But his plea has not been heard. Ugandan security forces have repeatedly resorted to lethal force against protesters and bystanders without clear justification over the last several years. Each time, the state pours massive resources into arresting citizens and stopping protests, even when they are peaceful, but none into ensuring the conduct of its forces remain within the law and human rights victims receive justice.

Uganda Human Rights - History

The United Nations human rights programme has grown considerably since its modest beginnings some 60 years ago. Organizationally, it started as a small division at United Nations Headquarters in the 1940s. The division later moved to Geneva and was upgraded to the Centre for Human Rights in the 1980s. At the World Conference on Human Rights in 1993, the international community decided to establish a more robust human rights mandate with stronger institutional support. Accordingly, Member States of the United Nations created OHCHR by a General Assembly Resolution in 1993.

The growth in United Nations human rights activities has paralleled the increasing strength of the international human rights movement since the United Nations General Assembly adopted the Universal Declaration of Human Rights on 10 December 1948. Drafted as ‘a common standard of achievement for all peoples and nations', the Declaration for the first time in human history set out basic civil, political, economic, social and cultural rights that all human beings should enjoy. It has over time been widely accepted as the fundamental norms of human rights that all Governments should respect. December 10, the day of its adoption, is observed worldwide as International Human Rights Day. The Universal Declaration, together with the International Covenant on Civil and Political Rights and its two Optional Protocols, and the International Covenant on Economic, Social and Cultural Rights, form the “International Bill of Human Rights.”

Alongside the development of international human rights law, a number of United Nations human rights bodies have been established to respond to changing human rights challenges. They rely on OHCHR for both substantive and secretariat support in discharging their duties. These bodies can be either Charter-based and political bodies consisting of State representatives with mandates established by the United Nations Charter, or they can be treaty-based committees with independent experts set up, with the exception of one, by international human rights treaties and mandated to monitor State parties' compliance with their treaty obligations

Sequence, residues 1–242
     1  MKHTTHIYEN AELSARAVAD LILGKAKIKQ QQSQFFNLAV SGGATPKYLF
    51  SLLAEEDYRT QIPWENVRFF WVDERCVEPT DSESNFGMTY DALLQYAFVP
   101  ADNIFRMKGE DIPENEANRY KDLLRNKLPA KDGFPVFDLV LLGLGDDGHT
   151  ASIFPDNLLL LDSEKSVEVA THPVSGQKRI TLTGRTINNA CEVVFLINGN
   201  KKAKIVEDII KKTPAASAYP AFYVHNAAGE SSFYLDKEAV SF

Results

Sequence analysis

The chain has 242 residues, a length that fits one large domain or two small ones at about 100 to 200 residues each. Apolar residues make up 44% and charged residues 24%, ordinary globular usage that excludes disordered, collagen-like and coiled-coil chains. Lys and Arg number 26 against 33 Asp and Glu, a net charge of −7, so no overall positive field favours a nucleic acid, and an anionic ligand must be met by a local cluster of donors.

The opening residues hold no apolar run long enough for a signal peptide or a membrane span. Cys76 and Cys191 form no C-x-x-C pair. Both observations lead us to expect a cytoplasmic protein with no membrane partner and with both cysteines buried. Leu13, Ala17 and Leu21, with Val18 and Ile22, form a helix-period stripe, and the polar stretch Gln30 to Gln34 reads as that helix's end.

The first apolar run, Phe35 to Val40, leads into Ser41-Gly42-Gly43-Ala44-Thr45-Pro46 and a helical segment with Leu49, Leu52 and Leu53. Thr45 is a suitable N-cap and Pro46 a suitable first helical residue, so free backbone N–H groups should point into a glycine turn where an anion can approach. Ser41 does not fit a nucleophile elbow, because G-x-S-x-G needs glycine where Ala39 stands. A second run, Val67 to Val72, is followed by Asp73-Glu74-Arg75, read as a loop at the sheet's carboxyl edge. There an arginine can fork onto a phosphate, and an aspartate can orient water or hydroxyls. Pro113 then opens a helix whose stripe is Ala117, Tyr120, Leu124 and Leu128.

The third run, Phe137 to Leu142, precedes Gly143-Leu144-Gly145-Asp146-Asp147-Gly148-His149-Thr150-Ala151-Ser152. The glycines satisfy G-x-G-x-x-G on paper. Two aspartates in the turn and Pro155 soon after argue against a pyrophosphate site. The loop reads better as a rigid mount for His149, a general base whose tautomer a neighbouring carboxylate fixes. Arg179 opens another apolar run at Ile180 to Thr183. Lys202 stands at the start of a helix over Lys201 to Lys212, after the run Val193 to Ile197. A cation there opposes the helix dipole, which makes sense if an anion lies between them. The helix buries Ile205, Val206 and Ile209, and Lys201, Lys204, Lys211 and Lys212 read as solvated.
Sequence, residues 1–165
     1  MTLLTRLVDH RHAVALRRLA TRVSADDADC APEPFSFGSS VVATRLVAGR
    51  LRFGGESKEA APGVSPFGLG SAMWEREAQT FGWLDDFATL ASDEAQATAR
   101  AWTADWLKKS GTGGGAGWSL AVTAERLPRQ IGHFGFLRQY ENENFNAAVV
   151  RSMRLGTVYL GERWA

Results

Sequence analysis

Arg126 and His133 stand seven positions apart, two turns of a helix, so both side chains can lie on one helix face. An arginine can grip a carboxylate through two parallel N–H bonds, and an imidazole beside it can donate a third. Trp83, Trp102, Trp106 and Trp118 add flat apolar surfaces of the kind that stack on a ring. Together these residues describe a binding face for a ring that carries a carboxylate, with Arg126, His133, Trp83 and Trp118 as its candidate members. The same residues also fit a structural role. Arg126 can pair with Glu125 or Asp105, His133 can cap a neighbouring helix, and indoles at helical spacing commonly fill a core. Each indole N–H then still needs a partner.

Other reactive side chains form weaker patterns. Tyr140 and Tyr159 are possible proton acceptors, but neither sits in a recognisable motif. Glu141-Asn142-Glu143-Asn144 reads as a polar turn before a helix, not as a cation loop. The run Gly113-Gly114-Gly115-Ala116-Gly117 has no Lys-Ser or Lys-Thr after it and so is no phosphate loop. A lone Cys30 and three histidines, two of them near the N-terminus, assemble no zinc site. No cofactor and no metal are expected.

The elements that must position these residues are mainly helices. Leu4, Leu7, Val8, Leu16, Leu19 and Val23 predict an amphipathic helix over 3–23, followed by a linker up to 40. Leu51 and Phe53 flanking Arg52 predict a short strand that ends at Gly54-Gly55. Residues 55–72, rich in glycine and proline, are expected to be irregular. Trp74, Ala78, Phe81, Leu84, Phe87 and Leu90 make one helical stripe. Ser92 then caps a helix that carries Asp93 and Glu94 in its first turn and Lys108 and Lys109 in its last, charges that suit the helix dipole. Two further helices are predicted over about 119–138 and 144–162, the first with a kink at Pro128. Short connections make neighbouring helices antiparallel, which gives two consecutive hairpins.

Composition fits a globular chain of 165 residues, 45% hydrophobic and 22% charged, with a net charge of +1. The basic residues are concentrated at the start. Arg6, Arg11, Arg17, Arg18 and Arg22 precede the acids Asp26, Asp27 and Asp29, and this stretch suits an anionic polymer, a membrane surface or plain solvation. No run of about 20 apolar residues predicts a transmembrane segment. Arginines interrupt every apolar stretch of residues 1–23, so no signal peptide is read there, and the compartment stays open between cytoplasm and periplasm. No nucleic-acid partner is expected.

The United Nations Commission on Human Rights, established in 1946 and reporting to the Economic and Social Council, was the key United Nations intergovernmental body responsible for human rights until it was replaced by the Human Rights Council in 2006. In addition to assuming mandates and responsibilities previously entrusted to the Commission, the newly created Council, reporting directly to the General Assembly, has expanded mandates. These include making recommendations to the General Assembly for further developing international law in the field of human rights, and undertaking a Universal Periodic Review of the fulfillment of each State of its human rights obligations and commitments.

    192 pages in PDF format. (via The Parliament of the Republic of Uganda, Kampala)
  • See also: The Judiciary and Ministry of Justice and Constitutional Affairs below.
  • BBC News (British Broadcasting Corporation, London, UK)
    "Museveni rival Kizza Besigye arrested over protest march" (February 21, 2016)
    "Uganda polls: Museveni's main rival, Besigye, arrested" (February 19, 2016)
    "Uganda opposition candidate Kizza Besigye held by police" (February 15, 2016)
    "Uganda election: issues, candidates, the poll" (February 10, 2016)
  • Committee to Protect Journalists Blog: "After disputed Ugandan election, journalists fear prolonged crackdown," March 1, 2016. (New York)
  • Election Guide: Uganda Profile for Presidential Elections, February 2016: a list of candidates and political parties. (International Foundation for Electoral Systems, Washington, DC)
  • The Electoral Commission, Uganda (Kampala, Uganda)
  • African Elections Database: Uganda, 1958-2011: summary of presidential and parliamentary electoral results. (Albert C. Nunley, via Tripod.Com, USA)
  • BBC News: "Uganda election: Yoweri Museveni faces Kizza Besigye," February 18, 2011 (London, UK)
  • European Union: Election Observation Mission on 2011 Elections in Uganda (Brussels, Belgium)
  • The Independent. (Online): Election Watch, 2011 (Kampala, Uganda)

A site about a documentary film project on the legacy of the LRA conflict in the Acholi region of Uganda. ". an initiative of Marjoke Oosterom (Institute of Development Studies, University of Sussex, UK) who started a collaboration with Refugee Law Project (RLP) to translate the findings of her PhD research into visuals.